Bryce Gilmore

F&W Star Chef

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Restaurants: Barley Swine (Austin), Odd Duck (scheduled to open in Austin in fall 2013)

Education: California Culinary Academy (San Francisco

Experience: Wink (Austin), Café 909 (Marble Falls, TX), Boulevard (San Francisco), Montagna (Aspen, CO)

Who taught you how to cook? What is the most important thing you learned?
My father, Jack Gilmore, is the chef and owner of Jack Allen’s Kitchen in Austin. I’ve been around the industry my whole life. He was a great mentor at the beginning of my career. I started working at his restaurants, busing tables when I was 14. At 17, I started working in the kitchen and fell in love with it. The most important thing I learned from my father is having a strong work ethic.

What’s a dish that defines your cooking style?
Our chicken-fried chicken egg. I grew up with chicken-fried steak and I really like eggs. If you have a soft egg and fried chicken, and you break into the egg, the juices are all over the place. We try to have fun with our roots. We explore where we come from, and play off that.

What was the first dish you ever cooked by yourself?
As a young kid in my parents’ kitchen, I would take random things out of the cupboards and put it all into a baking pan and try to make cakes, like Snickers bars and some amount of flour and eggs. Nothing was really measured, it was just guessing. I don’t know where I got the idea.

What is the best dish for a neophyte cook to try?
I recommend mastering egg cookery, whether it’s an omelet, poached or fried egg. Make sure to temper the eggs, or bring them to room temperature. Anytime you can temper a protein, it’s going to make it easier to cook it properly. Be careful to keep the heat balanced, and use a lot of fat, whether it’s rendered bacon fat, butter or oil.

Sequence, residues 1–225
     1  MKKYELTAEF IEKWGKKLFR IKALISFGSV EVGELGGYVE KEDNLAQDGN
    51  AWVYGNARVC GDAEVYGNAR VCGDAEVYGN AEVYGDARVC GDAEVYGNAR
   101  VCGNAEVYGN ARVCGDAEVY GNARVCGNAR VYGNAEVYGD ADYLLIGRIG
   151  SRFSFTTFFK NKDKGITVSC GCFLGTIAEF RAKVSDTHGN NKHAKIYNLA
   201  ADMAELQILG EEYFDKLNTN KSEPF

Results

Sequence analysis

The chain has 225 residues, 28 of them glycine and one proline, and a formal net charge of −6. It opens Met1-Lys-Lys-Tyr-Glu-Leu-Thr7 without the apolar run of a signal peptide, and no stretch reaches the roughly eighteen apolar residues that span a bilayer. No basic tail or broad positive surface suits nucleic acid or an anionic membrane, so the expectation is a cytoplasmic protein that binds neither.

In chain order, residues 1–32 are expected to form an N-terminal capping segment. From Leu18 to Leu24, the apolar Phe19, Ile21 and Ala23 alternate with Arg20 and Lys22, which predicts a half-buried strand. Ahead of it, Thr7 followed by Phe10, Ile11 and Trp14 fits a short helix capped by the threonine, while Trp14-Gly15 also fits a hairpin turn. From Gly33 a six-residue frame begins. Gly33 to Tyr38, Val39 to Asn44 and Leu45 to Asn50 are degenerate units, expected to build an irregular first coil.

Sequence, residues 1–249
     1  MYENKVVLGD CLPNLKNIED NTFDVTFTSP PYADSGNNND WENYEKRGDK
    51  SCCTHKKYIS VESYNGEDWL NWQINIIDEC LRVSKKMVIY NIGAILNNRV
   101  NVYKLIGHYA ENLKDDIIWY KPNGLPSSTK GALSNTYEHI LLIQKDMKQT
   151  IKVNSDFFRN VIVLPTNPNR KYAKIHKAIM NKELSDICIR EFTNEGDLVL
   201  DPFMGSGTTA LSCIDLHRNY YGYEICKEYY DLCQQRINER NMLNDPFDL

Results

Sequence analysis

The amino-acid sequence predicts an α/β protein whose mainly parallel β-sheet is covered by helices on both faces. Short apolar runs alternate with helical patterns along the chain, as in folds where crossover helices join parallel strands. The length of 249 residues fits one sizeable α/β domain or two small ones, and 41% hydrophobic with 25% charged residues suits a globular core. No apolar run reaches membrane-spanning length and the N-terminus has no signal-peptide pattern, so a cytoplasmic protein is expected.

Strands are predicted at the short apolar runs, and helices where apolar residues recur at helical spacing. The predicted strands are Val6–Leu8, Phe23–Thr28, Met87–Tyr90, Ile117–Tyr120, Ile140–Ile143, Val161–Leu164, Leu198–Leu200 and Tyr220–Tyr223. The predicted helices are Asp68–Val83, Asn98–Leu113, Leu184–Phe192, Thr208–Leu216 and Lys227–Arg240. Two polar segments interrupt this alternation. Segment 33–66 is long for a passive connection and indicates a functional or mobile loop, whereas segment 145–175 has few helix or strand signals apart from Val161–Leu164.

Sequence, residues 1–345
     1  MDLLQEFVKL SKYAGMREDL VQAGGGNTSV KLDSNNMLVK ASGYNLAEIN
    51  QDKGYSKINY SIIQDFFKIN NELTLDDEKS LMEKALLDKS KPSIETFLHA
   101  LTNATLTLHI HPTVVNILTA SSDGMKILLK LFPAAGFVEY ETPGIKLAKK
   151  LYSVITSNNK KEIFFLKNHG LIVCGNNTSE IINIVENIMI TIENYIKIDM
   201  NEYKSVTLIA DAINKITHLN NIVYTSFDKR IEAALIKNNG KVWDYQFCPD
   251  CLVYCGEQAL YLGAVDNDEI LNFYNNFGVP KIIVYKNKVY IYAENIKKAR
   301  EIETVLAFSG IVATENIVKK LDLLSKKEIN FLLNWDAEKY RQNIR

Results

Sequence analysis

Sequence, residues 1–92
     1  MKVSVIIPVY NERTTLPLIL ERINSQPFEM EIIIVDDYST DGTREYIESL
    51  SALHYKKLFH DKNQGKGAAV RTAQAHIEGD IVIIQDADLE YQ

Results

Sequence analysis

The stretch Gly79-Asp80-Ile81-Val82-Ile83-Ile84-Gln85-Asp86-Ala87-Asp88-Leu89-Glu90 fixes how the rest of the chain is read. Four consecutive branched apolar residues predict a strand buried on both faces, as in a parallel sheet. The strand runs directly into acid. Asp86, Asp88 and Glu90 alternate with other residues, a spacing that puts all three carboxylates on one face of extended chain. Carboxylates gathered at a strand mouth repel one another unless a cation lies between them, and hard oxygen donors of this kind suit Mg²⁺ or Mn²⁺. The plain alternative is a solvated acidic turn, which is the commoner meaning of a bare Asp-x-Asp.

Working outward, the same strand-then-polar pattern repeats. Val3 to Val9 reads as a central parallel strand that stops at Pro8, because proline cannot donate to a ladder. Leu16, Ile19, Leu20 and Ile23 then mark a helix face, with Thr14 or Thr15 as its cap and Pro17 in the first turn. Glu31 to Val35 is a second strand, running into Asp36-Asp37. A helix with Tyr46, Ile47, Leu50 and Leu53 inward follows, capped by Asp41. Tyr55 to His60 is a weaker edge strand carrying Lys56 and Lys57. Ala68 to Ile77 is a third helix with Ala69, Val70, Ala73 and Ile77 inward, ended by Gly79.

What is your favorite cookbook of all time?
The River Cottage Meat Book, by Hugh Fearnley-Whittingstall. It helped shape my values about sourcing animals, making sure that they’ve been raised properly and humanely. He also says to celebrate eating meat, not to feel like you have to eat it every meal of every day. I love his philosophy and have adopted it.

What is the best-bang-for-the-buck ingredient, and how would you use it?
Pork. It’s so versatile. You can cook it fresh or cure it. You can render the fat to use for anything. Salted or smoked, too, it adds so much to any dish.

What is your current food obsession?
I’m getting into more modern ingredients, like carrageenans and hydrocolloids, to introduce different textures.

What is the best-bang-for-the-buck food trip? Where would you go and why?
Mexico City. One of my sous-chefs just went and had a lot of good things to say. I’ve been to Mexico a number of times, but not to the capital. My father was raised in Brownsville, on the Texas-Mexico border. To see the interior authentic Mexican food would be a great trip.

What is the most cherished souvenir you’ve brought back from a trip?
I collect menus from restaurants. I have an Eleven Madison Park menu on my nightstand from two years ago. My father and I were cooking at the Beard House so we ate at EMP for a four- or five-hour lunch. It’s probably the best meal I’ve ever had. It’s hard to match that level of service and the pairings and the playfulness of the food.

What do you consider your talent besides cooking?